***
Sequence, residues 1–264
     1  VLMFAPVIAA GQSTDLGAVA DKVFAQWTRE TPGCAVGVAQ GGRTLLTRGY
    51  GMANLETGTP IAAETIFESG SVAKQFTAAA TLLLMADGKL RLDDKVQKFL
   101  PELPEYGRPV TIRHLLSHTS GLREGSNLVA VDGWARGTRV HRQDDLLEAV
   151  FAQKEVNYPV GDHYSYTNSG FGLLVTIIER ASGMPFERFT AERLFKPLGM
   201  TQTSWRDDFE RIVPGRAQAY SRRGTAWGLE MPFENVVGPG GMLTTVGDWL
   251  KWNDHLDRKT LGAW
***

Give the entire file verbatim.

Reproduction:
Sequence, residues 1–264
     1  VLMFAPVIAA GQSTDLGAVA DKVFAQWTRE TPGCAVGVAQ GGRTLLTRGY
    51  GMANLETGTP IAAETIFESG SVAKQFTAAA TLLLMADGKL RLDDKVQKFL
   101  PELPEYGRPV TIRHLLSHTS GLREGSNLVA VDGWARGTRV HRQDDLLEAV
   151  FAQKEVNYPV GDHYSYTNSG FGLLVTIIER ASGMPFERFT AERLFKPLGM
   201  TQTSWRDDFE RIVPGRAQAY SRRGTAWGLE MPFENVVGPG GMLTTVGDWL
   251  KWNDHLDRKT LGAW